Law school is a common route chosen by college students hoping for a stable career. However, law is not recession-proof, as career expert Kate Neville has discovered. Neville counsels lawyers seeking to make a career move and says her business is thriving. Ms. Neville answered some questions about law school and offered career advice for lawyers seeking a career change.
Are any specialties within the law field in high demand?
- Pharma/health law/Medicare fraud/FDA/biotech
- Government contracts
- EE-type patent work
- Procurement in government
What are good career options for former lawyers?
Of course, identifying good career options depends on the skills and experience of the individual. Below is a list of some jobs that people with law degree often hold:
- Policy positions in federal government or advocacy organizations
- Local and state government policy and management positions
- Researchers in think tanks
- Financial analysts
- Social work
- Non-profit management
- University administration
- Teaching (K-12)
- Marketing and communications
- Journalism (traditionally though fewer positions now)
What tips do you have for lawyers (or other professionals) wanting to make a career change?
1–Identify your skills generally, outside the context of law, e.g. prepare and deliver presentations on complex issues to sophisticated audiences/members of the public
2–Translate your experience into language that non-lawyers/prospective employers will understand and find impressive–do the work for them in a cover letter and your resume
3–Don’t dismiss the law if you didn’t like law school as practice is different–try practicing at first, consider it similar to a medical residency
4–Look into renegotiating the terms of your school loans and whether your school has any loan forgiveness programs
5–Think what content area interests you, but in addition to content, think about what role you want to play–what skills you have and that you enjoy using, e.g. research and writing, public speaking, negotiating, facilitating meetings, operations and logistics
6–Talk to people who do the work you think you want to do BUT be sure to prepare for those conversations–goal is to both get information and to make a good impression
7–Remember that networking is the most common way people get jobs–the vast majority of jobs are never posted. Determine how to do it effectively.
Many college graduates consider law school, believing it will lead to job security and better pay. Do you think this is still true or has the job market for legal professionals changed?
The changes in the economy have made it much riskier to go to law school. Pursuing a law degree as a default position because one isn’t sure what else to do is problematic. Large law firm hiring is drastically down, and more layoffs of experienced large firm attorneys took place in 2009 than ever before. Because firms cut positions and deferred and rescinded offers in 2009, there is already a backlog of deferred associates and new graduates. While the standard wisdom has been that going to law school will “keep your options open,” some employers see a JD as a negative in non-legal positions, and once in practice it can be difficult to determine what those options are and how to pursue them effectively.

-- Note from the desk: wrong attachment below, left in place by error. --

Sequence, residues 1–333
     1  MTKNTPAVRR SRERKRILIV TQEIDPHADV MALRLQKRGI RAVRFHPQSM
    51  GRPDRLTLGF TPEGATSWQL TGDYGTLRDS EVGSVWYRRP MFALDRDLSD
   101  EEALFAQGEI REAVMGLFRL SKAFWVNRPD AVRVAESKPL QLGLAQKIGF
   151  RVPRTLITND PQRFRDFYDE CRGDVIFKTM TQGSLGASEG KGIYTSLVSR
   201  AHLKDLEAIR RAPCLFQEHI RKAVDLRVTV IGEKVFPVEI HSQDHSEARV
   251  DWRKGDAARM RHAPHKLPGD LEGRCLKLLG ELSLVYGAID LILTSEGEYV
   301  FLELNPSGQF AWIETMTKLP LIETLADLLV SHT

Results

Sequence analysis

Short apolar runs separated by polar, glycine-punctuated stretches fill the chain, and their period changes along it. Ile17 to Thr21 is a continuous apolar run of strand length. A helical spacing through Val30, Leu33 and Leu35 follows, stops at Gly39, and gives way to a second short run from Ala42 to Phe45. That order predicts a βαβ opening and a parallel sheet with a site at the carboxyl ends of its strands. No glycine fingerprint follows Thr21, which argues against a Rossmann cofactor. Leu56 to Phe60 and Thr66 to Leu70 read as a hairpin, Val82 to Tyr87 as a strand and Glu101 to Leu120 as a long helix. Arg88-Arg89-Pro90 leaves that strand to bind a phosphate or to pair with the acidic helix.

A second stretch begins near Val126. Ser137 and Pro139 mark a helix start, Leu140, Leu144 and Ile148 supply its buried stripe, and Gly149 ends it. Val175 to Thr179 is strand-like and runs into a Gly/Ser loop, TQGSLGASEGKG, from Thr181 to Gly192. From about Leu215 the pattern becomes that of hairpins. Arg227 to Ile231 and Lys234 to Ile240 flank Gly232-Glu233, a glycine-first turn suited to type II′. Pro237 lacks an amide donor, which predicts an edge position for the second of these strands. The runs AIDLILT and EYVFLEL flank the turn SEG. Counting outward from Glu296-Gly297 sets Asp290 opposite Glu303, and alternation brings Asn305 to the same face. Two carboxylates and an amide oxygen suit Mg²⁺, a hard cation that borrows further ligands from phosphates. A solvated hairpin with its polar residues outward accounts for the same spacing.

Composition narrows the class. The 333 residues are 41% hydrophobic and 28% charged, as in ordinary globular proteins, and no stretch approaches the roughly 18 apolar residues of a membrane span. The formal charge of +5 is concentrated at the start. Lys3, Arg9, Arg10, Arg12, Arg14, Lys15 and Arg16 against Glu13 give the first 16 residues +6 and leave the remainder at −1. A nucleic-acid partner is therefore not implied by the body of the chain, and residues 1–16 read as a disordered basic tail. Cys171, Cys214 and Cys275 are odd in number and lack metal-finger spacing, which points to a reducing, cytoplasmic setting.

Going to law school means taking on a huge amount of debt to get the degree and making a big investment of time and effort in school and to pass the bar. It seems clear that the pipeline is flooded since there are more qualified attorneys than there are good jobs for them, but law firm applications are UP. The assumption is that people want to sit out the economy by going to grad school, but it’s important to investigate what the options are after graduation to pay off that debt and get a good return on their investment of time and energy. The pool of attorneys who need to figure out their professional options will only expand so it’s important to talk to people who do the type of work you think you want to do before deciding to go to law school and while there.
What advice do you have for law school students or graduates that wish to find a job in the legal field?
1–Participate in clinical programs to experience what it’s like to represent a client and explore different areas of practice
2–Don’t just look at jobs in large law firms, consider government, businesses, smaller firms
3–Law is a broad field, which can encompass real estate transactional work to litigating immigration rights to lobbying for energy reform–think what content area interests you
4–As above, in addition to content, think about what role you want to play–what skills you have and that you enjoy using, e.g. research and writing, public speaking, negotiating, facilitating meetings, operations and logistics
5–As above, talk to people who do the work you think you want to do BUT be sure to prepare for those conversations–goal is to both get information and to make a good impression
6–As above, remember that networking is the most common way people get jobs–the vast majority of jobs are never posted. Determine how to do it effectively.
Kate Neville is a graduate of Harvard Law School and has practiced law in both the public and private sectors. Her experience also includes management consulting and policy analysis. After working as an advisor in Georgetown Law’s Office of Career Services, she founded Neville Career Consulting and provides career guidance to attorneys who are considering a professional transition. Her articles have been featured in The Legal Times, YahooFinance.com, Roll Call, Veritas, and training materials for the ABA Section of Litigation. Visit NevilleCareerConsulting.com for more information.